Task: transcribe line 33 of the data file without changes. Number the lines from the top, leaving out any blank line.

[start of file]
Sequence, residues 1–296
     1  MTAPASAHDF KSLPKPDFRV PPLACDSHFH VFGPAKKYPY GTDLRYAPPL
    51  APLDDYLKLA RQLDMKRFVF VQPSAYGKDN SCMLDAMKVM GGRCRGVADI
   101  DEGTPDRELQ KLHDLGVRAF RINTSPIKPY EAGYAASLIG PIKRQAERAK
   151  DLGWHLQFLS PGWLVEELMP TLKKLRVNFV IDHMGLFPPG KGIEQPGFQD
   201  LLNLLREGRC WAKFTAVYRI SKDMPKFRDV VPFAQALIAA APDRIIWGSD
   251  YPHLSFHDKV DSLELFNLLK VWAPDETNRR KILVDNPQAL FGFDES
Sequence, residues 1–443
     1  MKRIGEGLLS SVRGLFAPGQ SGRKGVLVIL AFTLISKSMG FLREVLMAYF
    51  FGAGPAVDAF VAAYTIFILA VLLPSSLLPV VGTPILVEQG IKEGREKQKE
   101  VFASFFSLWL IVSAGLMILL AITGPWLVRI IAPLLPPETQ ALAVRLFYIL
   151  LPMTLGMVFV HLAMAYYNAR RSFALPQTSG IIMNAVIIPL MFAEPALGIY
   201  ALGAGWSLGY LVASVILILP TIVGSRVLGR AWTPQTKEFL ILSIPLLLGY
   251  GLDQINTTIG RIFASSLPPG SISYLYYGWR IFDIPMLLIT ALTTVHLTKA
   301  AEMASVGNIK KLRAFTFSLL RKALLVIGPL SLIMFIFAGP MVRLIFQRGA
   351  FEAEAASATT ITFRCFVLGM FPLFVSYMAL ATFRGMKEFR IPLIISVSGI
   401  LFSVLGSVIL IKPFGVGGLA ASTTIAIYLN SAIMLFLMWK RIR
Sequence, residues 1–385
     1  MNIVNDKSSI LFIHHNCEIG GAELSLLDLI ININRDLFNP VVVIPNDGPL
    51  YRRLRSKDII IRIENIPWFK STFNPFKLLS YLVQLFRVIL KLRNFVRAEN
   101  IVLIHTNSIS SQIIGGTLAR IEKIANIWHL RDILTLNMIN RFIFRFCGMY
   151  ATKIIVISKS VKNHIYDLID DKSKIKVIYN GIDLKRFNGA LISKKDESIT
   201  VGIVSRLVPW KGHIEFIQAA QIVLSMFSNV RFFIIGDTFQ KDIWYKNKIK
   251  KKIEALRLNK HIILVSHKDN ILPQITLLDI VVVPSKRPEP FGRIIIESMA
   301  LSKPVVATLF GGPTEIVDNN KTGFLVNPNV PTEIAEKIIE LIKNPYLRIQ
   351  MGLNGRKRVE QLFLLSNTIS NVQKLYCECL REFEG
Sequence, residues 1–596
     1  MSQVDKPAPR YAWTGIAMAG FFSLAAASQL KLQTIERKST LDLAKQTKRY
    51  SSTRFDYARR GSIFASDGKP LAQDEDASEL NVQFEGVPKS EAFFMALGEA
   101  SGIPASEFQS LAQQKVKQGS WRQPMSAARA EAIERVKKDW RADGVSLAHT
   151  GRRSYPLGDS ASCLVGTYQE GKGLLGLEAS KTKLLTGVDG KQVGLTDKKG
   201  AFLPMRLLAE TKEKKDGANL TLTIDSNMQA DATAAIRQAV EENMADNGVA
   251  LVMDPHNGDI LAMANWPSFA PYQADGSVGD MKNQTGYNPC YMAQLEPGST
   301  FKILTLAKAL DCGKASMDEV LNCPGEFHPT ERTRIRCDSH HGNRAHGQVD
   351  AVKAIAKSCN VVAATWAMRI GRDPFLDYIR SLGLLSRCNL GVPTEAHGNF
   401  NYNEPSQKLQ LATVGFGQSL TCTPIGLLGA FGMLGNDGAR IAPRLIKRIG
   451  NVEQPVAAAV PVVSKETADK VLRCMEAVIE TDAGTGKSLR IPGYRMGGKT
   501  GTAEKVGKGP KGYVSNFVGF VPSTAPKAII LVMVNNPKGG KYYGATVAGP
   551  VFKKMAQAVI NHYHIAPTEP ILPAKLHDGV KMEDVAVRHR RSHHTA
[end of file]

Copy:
   251  LVMDPHNGDI LAMANWPSFA PYQADGSVGD MKNQTGYNPC YMAQLEPGST